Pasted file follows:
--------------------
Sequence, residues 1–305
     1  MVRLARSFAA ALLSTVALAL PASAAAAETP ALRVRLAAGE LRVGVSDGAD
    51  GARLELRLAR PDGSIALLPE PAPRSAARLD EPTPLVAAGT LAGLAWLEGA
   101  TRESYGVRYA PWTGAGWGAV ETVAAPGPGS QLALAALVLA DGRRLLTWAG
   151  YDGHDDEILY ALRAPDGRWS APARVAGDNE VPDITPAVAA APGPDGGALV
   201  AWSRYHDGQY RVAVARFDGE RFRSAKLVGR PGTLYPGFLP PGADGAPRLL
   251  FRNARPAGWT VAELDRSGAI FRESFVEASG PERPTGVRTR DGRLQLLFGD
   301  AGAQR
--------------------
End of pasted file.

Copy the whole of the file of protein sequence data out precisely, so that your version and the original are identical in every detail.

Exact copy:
Sequence, residues 1–305
     1  MVRLARSFAA ALLSTVALAL PASAAAAETP ALRVRLAAGE LRVGVSDGAD
    51  GARLELRLAR PDGSIALLPE PAPRSAARLD EPTPLVAAGT LAGLAWLEGA
   101  TRESYGVRYA PWTGAGWGAV ETVAAPGPGS QLALAALVLA DGRRLLTWAG
   151  YDGHDDEILY ALRAPDGRWS APARVAGDNE VPDITPAVAA APGPDGGALV
   201  AWSRYHDGQY RVAVARFDGE RFRSAKLVGR PGTLYPGFLP PGADGAPRLL
   251  FRNARPAGWT VAELDRSGAI FRESFVEASG PERPTGVRTR DGRLQLLFGD
   301  AGAQR